• Hepatomegaly

Evaluation of Direct Hyperbilirubinemia

  • Basic evaluation
    • History and physical
      • Congenital infection
      • Neonatal infection
      • Examination of stool color
    • CBC and reticulocyte count
    • Serum glucose
    • Electrolytes
    • Calcium and phosphorous
    • BUN and creatinine
    • Serum albumin
    • Liver Function Tests
      • SGOT
      • SGPT
      • GGT
      • Alkaline phosphatase
  • Infectious disease evaluation
    • Blood culture
    • Urine culture
    • CSF culture
    • TORCH titers
    • RPR/VDRL screen
    • Urine for CMV
    • Hepatitis B serology
    • Hepatitis C serology
  • Ophthalmologic evaluation
  • Metabolic evaluation
    • Alpha-1-antitrypsin level
    • Thyroid function tests
    • Sweat chloride test
    • Serum amino acids
    • Newborn metabolic screen
    • Urine organic acids
    • Urine reducing substances
    • Urine bile salts
  • Radiological evaluation
    • Abdominal ultrasound
      • Evaluate gallbladder function
    • CT scan
      • Evaluate liver structure
    • Hepatobiliary scintigraphy
  • Invasive studies
    • Liver biopsy
    • Exploratory laparotomy

Goals of Evaluation and Treatment

  • Initial goal is to rapidly diagnose and treat:
    • Sepsis
    • Hypothyroidism
    • Inborn errors of metabolism
  • Second goal is to distinguish biliary atresia from other causes.
    • Key steps are ultrasound and liver biopsy.
    • Early surgical intervention results in improved outcomes.
  • Additional goals aimed at diagnosing specific conditions
  • Untreated or prolonged cholestasis
    • Growth failure
    • Hepatic fibrosis
    • Cirrhosis
    • Portal hypertension
    • Ascites
    • GI bleeding

Treatment of Neonatal Cholestasis

  • Treatment is specific to the cause of cholestasis:
    • Infection → antibiotics or antivirals
    • Galactosemia → galactose-free diet
    • Tyrosinemia → low-tyrosine/phenylalanine diet
    • Fructose intolerance → fructose- and sucrose-free diet
    • Hypothyroidism → thyroid hormone replacement
    • Cystic fibrosis → pancreatic enzymes
    • Hypopituitarism → thyroid, growth hormone and cortisol replacement
    • Biliary atresia → Kasai surgical procedure
    • Choledochal cyst → choledochoenterostomy
    • Spontaneous perforation → surgical drainage
    • Inspissated bile/mucus plug → biliary tract irrigation
    • TPN-associated → wean from TPN, increase feeds 

Pharmacologic Treatment of Neonatal Cholestasis

  • Ursodeoxycholic acid (ursodial)
    • Naturally occurring bile acid
    • Increases bile formation
    • Stimulates bile flow
      • Increases excretion of bilirubin
      • Increases excretion of bile salts
  • Phenobarbital
    • Stimulates bile flow
      • Increases excretion of bilirubin
      • Increases excretion of bile salts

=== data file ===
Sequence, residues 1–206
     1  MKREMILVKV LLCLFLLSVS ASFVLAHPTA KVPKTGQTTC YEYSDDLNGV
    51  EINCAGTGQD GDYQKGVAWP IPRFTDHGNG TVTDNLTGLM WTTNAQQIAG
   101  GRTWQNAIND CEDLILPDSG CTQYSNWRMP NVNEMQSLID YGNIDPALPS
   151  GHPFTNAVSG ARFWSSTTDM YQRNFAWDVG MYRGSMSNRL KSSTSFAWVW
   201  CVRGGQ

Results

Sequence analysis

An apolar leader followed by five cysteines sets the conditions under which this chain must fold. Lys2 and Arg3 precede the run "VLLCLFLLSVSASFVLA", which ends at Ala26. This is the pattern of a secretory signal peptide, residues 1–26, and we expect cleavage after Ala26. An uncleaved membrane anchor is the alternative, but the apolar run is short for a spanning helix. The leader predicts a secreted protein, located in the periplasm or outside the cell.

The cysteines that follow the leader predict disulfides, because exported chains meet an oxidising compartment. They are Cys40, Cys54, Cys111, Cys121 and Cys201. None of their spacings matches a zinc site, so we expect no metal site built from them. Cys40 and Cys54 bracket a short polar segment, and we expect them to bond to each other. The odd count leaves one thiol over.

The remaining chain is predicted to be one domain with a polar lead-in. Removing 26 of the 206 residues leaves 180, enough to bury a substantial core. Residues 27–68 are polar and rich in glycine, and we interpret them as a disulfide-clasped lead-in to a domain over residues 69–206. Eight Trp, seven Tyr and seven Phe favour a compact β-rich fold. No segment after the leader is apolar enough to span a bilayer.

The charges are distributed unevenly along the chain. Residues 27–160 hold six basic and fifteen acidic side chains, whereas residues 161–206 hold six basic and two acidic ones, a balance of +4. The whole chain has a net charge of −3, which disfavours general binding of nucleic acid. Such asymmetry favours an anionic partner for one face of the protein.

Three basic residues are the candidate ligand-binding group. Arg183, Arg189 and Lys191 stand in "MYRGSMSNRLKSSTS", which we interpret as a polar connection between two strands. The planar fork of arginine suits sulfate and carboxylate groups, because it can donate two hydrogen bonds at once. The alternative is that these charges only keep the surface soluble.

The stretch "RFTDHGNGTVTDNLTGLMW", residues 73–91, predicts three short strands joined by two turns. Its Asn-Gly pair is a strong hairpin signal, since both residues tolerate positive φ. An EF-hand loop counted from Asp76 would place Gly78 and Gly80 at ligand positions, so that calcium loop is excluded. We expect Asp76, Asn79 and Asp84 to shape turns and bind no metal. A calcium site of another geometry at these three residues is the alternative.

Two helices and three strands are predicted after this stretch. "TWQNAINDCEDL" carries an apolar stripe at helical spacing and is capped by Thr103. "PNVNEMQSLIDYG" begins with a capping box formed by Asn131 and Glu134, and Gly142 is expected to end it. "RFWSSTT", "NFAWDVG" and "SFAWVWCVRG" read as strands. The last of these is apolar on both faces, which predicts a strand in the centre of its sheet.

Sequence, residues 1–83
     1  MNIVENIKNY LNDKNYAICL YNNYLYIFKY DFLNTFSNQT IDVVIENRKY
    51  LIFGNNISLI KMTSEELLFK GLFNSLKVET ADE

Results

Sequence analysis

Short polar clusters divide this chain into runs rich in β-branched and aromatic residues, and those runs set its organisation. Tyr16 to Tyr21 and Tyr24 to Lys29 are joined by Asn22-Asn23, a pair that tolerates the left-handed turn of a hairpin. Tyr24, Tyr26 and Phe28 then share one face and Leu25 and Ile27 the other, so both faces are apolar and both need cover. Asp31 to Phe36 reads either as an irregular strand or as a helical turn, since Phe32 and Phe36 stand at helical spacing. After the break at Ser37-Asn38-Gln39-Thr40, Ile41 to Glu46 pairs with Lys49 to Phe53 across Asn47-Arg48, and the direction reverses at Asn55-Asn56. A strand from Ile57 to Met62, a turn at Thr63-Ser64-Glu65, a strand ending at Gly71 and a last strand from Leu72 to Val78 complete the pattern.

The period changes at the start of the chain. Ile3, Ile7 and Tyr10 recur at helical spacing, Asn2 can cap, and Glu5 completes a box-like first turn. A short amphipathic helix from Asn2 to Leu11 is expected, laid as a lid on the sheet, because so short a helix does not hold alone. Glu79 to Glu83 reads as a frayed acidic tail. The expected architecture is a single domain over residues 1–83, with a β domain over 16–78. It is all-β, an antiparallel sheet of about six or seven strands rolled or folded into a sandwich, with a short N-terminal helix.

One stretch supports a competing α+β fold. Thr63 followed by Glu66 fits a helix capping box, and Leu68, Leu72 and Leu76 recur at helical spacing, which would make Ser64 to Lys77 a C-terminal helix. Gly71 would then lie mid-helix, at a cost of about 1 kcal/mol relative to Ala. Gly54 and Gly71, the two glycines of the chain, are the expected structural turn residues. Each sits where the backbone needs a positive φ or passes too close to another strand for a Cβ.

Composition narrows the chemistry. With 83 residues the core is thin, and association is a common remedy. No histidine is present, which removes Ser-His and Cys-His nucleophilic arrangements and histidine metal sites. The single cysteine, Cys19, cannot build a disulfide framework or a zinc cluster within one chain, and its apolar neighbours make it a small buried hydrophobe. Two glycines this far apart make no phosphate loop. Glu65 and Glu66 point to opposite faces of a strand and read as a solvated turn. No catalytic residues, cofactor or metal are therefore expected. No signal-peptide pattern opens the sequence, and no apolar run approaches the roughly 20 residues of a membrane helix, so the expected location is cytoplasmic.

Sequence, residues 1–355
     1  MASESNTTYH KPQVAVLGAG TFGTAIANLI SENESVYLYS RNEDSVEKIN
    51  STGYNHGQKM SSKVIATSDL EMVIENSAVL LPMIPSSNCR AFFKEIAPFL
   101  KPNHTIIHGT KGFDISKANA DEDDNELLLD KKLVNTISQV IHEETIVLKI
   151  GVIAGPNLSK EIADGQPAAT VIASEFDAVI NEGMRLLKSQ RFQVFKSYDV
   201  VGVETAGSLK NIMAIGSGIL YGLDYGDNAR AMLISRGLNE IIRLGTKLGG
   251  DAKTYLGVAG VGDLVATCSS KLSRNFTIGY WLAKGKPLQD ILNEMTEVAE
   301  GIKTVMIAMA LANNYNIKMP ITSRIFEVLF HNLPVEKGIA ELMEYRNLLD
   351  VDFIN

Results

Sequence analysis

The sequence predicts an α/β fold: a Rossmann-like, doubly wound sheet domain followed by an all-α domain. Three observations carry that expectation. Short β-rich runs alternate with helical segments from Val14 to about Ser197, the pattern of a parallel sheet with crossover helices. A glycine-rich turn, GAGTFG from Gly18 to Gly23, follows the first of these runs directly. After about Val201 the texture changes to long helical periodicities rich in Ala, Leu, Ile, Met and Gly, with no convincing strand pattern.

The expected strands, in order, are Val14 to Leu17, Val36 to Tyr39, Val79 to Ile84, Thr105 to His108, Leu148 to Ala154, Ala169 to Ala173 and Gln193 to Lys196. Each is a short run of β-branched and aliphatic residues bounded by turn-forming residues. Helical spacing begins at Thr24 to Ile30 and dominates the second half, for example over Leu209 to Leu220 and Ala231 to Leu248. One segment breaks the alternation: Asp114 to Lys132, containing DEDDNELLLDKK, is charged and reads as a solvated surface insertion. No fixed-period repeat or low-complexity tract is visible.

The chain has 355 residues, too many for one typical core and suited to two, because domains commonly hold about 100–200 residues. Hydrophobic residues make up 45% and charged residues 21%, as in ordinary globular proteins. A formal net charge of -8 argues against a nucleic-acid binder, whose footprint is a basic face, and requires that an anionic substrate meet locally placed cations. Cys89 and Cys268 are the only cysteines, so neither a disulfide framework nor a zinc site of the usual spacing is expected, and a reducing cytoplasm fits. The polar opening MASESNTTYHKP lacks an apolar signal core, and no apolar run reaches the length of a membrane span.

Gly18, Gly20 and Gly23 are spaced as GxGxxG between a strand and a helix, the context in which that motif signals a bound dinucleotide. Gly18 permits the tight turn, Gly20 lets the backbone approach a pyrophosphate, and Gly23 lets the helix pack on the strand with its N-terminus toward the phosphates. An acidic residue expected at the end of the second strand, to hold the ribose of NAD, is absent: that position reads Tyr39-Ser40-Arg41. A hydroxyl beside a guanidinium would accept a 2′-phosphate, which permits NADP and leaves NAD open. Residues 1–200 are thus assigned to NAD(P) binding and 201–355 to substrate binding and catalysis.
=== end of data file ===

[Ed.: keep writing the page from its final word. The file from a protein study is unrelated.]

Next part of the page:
• Treats chronic pruritus

Nutritional Support of Neonatal Cholestasis

  • Nutritional therapy is critical.
    • Feedings increase bile flow.
    • Feedings improve gastric motility.
  • Growth failure is common.
    • Impaired absorption of nutrients
    • Increased metabolic demand
  • Optimal nutritional support:
    • Caloric intake 125% of daily requirement
    • Protein intake of 2–3 grams/kg
    • Medium-chain triglycerides (MCT)
      • Absorbed without bile salts
      • Pregestimil formula
      • Alimentum formula
    • Fat-soluble vitamins
      • Vitamins A, D, E, K
      • Continued for 3 months
      • Levels should be followed
    • Calcium and phosphate supplements
    • Zinc supplements

TPN-Associated Cholestasis

  • Wean from TPN if possible.
    • Adjust amino acid profile.
      • Increase taurine.
      • Increase L-cysteine.
      • Decrease methionine.
    • Remove copper and manganese.
    • Eliminate sources of aluminum.
  • Wean from IL if possible.
    • IL have been implicated as a causative factor.
      • Soybean lipid emulsions most common
      • Soybeans are rich in omega-6 fatty acids.
    • Fish oil lipid emulsions can reverse cholestasis.
      • Fish oil is rich in omega-3 fatty acids.
      • OMEGAVEN has been used successfully.
      • Currently available for compassionate use only
  • Promote and increase oral feedings:
    • Improve GI adaptation to nutrients
    • Improve intestinal epithelial cell growth
    • Improve brush-border enzyme activity
    • Improve GI motility

References

  1. Beachy, J.M. Investigating Jaundice in the Newborn. 2007. Neonatal Network, 26(5), p. 327-333.
  2. Hengst, J.M. Direct Hyperbilirubinemia: A Case Study of Parenteral Nutrition-Induce Cholestatic Jaundice. 2002. Neonatal Network, 21(4), p. 57-69.
  3. NeoReviews: Neonatal Cholestasis
  4. UpToDate: Causes of Neonatal Cholestasis
  5. UpToDate: Approach to Neonatal Cholestasis
  6. UpToDate: Parenteral Nutrition-Associated Liver Disease in Infants